The aim of this study was to review the preclinical data showing the role of both estrogens and androgens in the physiology of the vagina, and, most likely, in vulvovaginal atrophy of menopause.Methods:
Mass spectrometry-based assays (validated according to the FDA guidelines) for the measurement of sex steroids, their precursors, and metabolites were used. In addition to fixation of the vagina for morphological examination, histomorphometry, immunocytochemistry, immunofluorescence, and quantitative reverse transcription polymerase chain reaction were performed.Results:
The vaginal epithelium of the animals receiving dehydroepiandrosterone (DHEA) was made of large multilayered columnar mucous cells showing distended cytoplasmic vacuoles representative of an androgenic effect. DHEA also stimulates collagen fiber compactness of the lamina propria (second layer)—an effect essentially due to an androgenic effect, whereas stimulation by DHEA of the muscularis in the third vaginal layer is approximately 70% due to the androgenic conversion of DHEA. Stimulation of the surface area of the nerve endings, on the contrary, is exclusively androgenic. Vaginal weight stimulation by DHEA is about 50% androgenic and 50% estrogenic.Conclusions:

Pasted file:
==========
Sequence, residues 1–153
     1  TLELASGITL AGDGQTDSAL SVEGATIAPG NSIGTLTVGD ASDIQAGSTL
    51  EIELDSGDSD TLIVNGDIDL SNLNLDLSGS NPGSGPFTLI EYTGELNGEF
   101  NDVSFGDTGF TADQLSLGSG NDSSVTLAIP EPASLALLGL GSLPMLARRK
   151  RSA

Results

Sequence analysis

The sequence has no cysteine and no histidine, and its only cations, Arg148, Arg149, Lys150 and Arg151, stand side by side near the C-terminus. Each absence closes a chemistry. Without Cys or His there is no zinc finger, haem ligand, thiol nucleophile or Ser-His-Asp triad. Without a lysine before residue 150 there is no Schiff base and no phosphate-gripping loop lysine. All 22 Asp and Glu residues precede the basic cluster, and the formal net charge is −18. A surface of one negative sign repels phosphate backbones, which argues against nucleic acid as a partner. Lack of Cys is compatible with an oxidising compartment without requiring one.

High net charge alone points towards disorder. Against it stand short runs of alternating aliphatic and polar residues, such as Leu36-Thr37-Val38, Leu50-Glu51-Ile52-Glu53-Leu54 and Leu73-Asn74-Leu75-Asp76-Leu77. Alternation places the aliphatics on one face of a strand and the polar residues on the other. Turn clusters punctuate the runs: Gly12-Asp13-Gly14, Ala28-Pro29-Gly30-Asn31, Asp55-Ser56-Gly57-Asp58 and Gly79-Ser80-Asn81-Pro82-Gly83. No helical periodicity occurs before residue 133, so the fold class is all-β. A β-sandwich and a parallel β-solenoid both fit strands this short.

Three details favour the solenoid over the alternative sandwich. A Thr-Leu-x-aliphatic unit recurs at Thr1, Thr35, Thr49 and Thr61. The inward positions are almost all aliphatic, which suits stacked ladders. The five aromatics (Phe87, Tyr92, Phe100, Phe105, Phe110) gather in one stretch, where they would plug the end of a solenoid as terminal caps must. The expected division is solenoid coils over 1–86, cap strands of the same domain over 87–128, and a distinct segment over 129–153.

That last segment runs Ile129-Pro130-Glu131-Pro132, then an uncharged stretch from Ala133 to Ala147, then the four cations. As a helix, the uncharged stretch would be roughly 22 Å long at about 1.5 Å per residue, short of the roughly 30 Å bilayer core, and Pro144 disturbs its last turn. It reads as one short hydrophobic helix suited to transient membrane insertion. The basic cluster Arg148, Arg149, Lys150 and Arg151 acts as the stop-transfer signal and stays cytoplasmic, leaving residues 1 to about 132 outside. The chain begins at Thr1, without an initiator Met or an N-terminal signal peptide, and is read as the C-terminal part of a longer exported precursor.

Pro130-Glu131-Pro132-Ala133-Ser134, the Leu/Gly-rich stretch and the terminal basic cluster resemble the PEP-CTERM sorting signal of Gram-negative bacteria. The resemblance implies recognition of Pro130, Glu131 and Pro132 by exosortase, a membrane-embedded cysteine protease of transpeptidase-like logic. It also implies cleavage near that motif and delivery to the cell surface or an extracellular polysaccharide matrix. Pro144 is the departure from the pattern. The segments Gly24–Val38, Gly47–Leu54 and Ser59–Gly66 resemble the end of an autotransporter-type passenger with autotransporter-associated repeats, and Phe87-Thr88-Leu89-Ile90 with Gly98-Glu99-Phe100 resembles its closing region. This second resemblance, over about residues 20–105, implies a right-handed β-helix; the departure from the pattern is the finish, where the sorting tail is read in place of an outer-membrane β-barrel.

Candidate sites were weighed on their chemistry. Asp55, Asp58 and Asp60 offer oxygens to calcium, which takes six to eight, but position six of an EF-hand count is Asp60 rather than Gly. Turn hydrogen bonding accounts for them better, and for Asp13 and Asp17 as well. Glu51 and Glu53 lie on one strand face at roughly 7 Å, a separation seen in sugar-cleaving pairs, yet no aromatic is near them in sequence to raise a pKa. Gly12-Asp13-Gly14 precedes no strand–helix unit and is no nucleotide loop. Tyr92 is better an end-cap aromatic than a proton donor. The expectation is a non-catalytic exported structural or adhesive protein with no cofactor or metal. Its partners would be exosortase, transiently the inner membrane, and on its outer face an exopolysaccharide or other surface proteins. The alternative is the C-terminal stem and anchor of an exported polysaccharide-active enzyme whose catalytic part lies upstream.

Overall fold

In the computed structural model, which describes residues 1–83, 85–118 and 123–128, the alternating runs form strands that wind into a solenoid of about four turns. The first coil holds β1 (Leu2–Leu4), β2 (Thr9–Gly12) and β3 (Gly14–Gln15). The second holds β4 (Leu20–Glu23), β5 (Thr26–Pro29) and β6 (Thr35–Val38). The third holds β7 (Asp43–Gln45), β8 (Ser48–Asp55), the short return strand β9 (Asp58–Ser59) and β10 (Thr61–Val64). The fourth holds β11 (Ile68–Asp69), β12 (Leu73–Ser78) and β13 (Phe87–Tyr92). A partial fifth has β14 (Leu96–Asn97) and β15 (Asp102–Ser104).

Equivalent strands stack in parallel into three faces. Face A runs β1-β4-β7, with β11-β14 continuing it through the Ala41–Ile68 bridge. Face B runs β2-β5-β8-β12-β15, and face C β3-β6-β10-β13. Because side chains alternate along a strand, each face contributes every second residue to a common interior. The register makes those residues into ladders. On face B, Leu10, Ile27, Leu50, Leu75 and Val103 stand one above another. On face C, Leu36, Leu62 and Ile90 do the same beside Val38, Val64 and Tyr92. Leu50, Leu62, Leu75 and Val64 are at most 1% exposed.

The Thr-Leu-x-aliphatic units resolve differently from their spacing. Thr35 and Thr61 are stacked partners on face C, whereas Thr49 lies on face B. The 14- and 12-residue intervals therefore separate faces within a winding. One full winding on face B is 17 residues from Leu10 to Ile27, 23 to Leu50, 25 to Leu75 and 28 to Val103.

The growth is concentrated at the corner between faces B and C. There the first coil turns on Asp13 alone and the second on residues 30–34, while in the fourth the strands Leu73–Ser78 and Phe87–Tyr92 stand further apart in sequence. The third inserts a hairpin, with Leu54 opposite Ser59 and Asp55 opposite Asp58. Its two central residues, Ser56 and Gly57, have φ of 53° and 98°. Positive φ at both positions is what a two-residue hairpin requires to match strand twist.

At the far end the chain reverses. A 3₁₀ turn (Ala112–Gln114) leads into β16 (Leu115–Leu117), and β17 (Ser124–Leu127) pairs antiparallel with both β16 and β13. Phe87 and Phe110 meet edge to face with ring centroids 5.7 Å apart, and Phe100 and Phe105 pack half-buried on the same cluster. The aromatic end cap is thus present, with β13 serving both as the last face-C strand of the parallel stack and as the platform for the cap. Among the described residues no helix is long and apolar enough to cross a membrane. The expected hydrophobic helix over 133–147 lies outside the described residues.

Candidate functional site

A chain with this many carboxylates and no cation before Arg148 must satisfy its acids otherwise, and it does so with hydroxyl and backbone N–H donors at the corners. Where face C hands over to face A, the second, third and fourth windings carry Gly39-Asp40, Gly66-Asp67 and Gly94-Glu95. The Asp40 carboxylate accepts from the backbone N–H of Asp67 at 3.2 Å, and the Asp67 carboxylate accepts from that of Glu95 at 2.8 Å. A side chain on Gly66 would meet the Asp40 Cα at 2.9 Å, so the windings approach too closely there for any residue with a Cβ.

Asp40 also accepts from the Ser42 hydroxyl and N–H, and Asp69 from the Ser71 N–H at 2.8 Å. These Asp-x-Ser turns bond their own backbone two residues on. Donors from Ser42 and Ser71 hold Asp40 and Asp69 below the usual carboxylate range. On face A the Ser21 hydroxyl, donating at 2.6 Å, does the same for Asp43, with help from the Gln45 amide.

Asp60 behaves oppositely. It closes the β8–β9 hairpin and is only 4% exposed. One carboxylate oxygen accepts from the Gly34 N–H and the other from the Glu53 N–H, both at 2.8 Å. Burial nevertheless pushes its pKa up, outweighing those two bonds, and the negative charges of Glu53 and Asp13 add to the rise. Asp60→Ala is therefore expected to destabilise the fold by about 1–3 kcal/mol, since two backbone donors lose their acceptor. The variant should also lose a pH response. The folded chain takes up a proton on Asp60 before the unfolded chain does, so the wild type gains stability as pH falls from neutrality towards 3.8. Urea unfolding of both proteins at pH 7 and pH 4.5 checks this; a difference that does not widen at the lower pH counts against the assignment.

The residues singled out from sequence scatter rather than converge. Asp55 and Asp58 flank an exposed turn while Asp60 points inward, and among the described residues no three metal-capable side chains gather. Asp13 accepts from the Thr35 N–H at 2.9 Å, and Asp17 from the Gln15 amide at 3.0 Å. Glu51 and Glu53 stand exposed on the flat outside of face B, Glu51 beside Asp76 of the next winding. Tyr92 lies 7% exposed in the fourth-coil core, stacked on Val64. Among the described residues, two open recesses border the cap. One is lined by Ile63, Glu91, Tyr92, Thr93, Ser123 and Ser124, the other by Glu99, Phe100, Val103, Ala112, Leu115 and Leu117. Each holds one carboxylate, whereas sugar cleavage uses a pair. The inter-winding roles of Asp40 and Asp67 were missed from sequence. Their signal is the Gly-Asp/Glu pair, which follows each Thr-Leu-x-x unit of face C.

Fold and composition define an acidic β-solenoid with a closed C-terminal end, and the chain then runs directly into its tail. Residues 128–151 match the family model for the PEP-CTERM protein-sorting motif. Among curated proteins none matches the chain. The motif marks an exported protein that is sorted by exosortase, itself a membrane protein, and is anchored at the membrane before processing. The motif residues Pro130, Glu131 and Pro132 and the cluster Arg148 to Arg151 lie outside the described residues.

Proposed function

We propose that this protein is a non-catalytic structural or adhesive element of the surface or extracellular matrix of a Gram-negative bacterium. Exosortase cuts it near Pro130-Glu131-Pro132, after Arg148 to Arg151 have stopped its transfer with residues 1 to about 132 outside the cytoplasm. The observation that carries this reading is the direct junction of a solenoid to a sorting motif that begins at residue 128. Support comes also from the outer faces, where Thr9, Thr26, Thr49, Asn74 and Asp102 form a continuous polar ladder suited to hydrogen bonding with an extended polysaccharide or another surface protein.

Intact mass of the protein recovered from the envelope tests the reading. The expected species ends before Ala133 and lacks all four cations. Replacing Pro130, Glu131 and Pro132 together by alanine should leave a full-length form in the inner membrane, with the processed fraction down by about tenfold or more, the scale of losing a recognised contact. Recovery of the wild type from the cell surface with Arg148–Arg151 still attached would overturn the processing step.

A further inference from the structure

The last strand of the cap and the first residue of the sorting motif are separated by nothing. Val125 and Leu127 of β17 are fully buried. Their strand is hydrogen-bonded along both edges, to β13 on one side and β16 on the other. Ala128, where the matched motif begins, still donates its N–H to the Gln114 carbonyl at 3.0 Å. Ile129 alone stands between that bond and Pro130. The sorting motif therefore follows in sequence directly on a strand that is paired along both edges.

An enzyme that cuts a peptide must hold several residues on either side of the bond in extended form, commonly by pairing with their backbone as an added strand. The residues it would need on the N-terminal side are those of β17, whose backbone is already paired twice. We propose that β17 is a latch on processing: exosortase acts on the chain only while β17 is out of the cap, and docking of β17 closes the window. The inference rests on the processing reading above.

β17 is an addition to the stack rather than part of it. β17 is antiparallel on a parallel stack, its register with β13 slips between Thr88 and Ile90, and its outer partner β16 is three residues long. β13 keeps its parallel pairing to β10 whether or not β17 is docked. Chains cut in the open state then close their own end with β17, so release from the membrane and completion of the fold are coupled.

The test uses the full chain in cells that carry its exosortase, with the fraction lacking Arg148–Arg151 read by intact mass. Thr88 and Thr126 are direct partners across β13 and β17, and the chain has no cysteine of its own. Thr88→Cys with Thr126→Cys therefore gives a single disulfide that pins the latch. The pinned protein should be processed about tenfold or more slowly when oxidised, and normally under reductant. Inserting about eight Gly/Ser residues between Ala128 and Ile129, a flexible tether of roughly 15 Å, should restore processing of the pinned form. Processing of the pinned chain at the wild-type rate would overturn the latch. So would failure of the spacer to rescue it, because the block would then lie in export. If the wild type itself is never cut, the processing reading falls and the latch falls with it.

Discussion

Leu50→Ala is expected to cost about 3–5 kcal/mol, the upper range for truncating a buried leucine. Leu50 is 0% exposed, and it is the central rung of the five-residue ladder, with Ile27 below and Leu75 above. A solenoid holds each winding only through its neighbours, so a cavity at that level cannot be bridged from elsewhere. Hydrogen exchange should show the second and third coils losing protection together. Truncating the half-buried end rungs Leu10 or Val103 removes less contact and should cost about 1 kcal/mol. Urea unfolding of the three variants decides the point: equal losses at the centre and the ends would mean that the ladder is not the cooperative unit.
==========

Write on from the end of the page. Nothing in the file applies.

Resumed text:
Practically all studies on the influence of steroid hormones in the vagina have focused on luminal epithelial cells. Since all estrogens and androgens in postmenopausal women are made intracellularly and derive from the conversion of circulating DHEA, it is of interest to observe from these preclinical data that DHEA exerts both estrogenic and androgenic activity in the three layers of the vagina, the stimulatory effect on nerve density being 100% androgenic. Taking vaginal weight as a global parameter, the stimulatory effect of DHEA in the rat vagina is about equally estrogenic and androgenic, thus illustrating the importance of androgens in vaginal morphology and function, and the likely importance of androgens in vulvovaginal atrophy of menopause.